Here's How To Figure Out If A 401(k) Or A Roth IRA Is Right For You

When it comes to saving for retirement, it can sometimes be a financial goal that — while definitely important — can seem less urgent than all the other expenses you need to take care of in the present. However, once you begin and start to see your retirement account(s) grow, it can be a great source of financial comfort and security, as you start to feel better about your future. With retirement savings, one decision you'll eventually face is what kind of retirement account you should open. Specifically, if the choice is between a 401(k) and a Roth IRA, which is the right one for you?

For such a decision, the presumption is that your current employer offers a 401(k) plan for you to participate in. If you had unlimited resources, the answer to this question would be simple: Choose and invest in both, to the maximum. However, most Americans don't have this luxury, and for every person, the decision of a 401(k) versus a Roth IRA will be particular to their financial situation and goals. Factors everyone working within a strict household budget should consider, however, include how the retirement plan is taxed, contribution limits, employer matching, and future withdrawals.

With this said, choosing both retirement accounts can still be an option for you, even with limited money to contribute to each plan each year. The key is 1) how much you're able to contribute and 2) which account you should contribute to first, which will largely depend on if your employer offers matching contributions.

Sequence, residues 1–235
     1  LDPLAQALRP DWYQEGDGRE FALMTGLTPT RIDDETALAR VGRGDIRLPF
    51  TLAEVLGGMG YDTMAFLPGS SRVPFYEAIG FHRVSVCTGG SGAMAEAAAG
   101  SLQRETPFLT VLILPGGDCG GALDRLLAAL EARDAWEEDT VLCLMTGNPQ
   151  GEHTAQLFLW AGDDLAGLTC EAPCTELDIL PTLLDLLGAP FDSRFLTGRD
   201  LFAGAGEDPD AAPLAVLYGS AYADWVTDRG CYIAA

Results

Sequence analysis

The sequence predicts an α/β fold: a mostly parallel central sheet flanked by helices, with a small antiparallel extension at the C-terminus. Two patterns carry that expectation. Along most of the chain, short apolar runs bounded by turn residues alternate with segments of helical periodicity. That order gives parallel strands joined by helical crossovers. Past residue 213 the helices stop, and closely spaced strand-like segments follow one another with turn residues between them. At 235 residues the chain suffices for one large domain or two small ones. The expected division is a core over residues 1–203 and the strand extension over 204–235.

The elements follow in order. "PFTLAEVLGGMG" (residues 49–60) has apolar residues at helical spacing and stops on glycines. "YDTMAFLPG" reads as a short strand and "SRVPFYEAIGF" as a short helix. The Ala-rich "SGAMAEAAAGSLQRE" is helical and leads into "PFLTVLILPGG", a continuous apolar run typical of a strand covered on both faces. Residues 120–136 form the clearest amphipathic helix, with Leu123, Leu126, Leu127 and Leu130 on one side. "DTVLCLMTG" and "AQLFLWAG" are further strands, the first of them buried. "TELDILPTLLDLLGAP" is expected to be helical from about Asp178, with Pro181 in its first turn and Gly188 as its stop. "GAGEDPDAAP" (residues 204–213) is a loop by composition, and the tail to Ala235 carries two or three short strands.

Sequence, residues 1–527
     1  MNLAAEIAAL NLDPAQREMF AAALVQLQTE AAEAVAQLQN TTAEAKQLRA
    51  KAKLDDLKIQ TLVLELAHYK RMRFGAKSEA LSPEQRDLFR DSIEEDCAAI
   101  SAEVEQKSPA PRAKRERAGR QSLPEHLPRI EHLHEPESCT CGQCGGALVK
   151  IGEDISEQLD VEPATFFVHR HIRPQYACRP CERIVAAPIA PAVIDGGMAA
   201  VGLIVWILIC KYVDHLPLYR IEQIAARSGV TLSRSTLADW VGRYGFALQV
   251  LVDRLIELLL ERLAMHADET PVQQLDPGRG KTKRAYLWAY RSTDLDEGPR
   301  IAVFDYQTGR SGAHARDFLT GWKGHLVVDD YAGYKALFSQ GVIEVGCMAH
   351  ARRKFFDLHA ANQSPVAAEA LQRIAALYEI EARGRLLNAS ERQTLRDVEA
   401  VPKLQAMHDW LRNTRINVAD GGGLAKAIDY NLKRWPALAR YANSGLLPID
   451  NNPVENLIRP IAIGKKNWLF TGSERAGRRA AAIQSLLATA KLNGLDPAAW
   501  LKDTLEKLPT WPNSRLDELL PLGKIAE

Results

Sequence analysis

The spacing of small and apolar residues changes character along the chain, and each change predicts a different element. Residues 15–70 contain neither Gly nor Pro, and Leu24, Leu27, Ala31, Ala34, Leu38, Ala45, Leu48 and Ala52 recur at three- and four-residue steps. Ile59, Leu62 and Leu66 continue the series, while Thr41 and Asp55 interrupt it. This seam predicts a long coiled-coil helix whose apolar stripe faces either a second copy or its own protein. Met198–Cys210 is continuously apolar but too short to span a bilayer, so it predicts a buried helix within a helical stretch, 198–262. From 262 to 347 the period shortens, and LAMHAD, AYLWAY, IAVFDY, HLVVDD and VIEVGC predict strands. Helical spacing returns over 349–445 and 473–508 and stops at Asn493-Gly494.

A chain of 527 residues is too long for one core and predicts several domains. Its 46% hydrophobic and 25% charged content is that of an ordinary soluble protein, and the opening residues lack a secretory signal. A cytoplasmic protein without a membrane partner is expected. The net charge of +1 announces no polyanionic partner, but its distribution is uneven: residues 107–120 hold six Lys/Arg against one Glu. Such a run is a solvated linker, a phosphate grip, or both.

Probably the biggest difference between a 401(k) plan and a Roth IRA is taxes. In short, a 401(k) is funded with pretax dollars, and a Roth IRA is funded with after-tax money. Further, contributions to a 401(k) are deducted from your gross income come tax season, while Roth IRA contributions are not deductible.

The tax implications go beyond the present, though. With a 401(k), all the money in the retirement account is subject to tax once you begin to make withdrawals. A Roth IRA account, meanwhile, is a tax-advantaged account, and earnings from the account are tax-free so long as withdrawals are made after age 59 ½ (and the account has aged at least five years). Financial experts note that paying taxes in the present on a Roth IRA can prove especially advantageous for anyone who believes that their marginal tax rate will be higher once they reach age 59 ½.